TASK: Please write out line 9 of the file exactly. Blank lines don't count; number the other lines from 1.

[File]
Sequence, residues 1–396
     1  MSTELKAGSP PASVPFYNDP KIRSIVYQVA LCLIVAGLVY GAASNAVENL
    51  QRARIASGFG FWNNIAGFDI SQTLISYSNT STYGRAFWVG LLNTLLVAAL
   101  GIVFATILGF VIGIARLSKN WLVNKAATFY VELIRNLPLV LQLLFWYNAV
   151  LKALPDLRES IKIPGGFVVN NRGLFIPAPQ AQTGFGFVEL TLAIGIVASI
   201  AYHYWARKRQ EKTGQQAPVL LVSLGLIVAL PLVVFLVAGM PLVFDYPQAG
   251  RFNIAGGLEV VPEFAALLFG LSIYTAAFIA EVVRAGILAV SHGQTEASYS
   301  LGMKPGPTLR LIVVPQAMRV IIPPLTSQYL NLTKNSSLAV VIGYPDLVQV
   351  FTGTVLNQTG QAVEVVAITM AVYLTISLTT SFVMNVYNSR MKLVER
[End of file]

   351  FTGTVLNQTG QAVEVVAITM AVYLTISLTT SFVMNVYNSR MKLVER